Saturday, August 26, 2006

Thelma Ritter in The Birdman of Alcatraz (1962)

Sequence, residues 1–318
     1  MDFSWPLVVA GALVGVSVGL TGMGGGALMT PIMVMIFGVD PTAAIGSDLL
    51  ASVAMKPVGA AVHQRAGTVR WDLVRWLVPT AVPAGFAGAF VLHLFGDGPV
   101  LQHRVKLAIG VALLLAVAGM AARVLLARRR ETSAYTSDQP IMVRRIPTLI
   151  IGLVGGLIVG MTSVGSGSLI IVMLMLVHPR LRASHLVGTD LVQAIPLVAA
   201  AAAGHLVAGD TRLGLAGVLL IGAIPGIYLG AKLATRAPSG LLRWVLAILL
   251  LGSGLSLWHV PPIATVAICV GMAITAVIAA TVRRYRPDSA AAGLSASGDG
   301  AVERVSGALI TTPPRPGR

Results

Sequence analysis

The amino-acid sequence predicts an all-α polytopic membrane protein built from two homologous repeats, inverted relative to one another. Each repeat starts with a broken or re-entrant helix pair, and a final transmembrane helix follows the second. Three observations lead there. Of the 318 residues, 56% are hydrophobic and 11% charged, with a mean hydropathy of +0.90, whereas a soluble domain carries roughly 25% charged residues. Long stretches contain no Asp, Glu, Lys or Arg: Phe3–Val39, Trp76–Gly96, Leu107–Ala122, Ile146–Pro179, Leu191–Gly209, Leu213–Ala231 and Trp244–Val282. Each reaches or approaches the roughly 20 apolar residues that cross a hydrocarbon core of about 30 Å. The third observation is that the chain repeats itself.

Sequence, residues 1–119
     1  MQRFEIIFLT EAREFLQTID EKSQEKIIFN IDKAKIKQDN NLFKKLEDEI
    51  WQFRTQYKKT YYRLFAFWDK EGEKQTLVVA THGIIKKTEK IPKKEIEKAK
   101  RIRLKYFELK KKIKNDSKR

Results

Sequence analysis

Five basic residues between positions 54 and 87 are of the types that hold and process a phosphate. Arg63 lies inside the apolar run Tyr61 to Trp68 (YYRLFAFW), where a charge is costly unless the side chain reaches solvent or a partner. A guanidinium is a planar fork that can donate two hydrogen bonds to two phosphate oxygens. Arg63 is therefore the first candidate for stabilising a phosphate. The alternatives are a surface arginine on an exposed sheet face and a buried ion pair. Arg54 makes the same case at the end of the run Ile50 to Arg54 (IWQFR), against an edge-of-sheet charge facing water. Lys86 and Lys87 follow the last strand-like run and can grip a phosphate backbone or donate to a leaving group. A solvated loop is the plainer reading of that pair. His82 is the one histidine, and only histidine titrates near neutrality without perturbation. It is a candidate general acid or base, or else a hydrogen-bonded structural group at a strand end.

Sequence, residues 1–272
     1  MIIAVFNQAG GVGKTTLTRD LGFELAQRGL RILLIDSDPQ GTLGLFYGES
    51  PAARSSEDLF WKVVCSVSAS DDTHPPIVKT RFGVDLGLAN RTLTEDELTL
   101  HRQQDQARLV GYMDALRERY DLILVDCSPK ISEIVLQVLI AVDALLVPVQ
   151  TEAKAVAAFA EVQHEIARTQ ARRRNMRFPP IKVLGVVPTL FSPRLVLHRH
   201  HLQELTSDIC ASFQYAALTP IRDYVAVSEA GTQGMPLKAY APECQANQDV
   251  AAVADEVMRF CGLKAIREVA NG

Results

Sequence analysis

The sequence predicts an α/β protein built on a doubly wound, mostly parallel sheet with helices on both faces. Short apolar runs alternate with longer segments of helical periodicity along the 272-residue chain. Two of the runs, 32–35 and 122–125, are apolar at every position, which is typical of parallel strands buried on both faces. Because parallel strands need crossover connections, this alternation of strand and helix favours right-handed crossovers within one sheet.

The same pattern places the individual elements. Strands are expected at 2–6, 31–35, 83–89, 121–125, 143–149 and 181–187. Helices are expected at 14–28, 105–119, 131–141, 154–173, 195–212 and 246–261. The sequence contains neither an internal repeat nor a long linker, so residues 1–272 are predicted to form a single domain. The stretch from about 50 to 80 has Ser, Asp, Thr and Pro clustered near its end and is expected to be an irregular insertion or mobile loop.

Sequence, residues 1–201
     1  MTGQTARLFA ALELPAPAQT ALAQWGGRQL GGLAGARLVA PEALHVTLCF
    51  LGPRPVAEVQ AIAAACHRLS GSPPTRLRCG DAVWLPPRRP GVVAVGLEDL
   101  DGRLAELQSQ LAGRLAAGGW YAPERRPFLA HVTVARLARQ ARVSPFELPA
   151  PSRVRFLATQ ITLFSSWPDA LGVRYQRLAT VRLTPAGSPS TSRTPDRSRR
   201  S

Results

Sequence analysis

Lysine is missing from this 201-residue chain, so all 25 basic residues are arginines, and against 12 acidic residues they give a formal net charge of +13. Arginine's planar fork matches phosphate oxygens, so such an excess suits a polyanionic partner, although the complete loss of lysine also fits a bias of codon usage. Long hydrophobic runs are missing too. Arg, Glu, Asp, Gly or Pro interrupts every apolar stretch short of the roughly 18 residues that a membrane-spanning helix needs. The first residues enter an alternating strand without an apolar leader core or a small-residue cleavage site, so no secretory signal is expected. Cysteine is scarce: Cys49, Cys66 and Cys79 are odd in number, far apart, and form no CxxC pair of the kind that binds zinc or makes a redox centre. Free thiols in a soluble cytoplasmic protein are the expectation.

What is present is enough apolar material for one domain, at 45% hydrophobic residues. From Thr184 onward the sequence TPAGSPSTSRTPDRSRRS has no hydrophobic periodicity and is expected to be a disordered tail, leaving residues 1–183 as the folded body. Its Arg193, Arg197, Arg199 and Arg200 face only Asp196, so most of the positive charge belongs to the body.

I remember "Birdman of Alcatraz" as a particularly tedious experience. And I thought that this time I might just fast-forward to Thelma Ritter's scenes. But in the end I stuck with it. My opinion hasn't changed much. Burt Lancaster plays restraint in bold capital letters and aims it at the last row of the balcony for two hours plus. And the freshly scrubbed G-rated portrayal of prison life packs little punch these days. Thelma Ritter must have welcomed the chance to play a character with some trajectory for a change. Normally, she's presented as something of an eternal verity, an unchanging (albeit reassuring) given. Characters around her may (or may not) evolve but Ritter remains Ritter. As written, Mrs. Stroud goes from potentially endearing to baldly manipulative to selfishly vindictive. And Ritter hits all her chalk marks, but I expected more. She's definitely on the good side of okay (although in her final scenes her efforts are compromised by some really awful latex aging makeup). But a nomination? No. Unless I just accept it as the one she should have gotten for "The Misfits" the year before.

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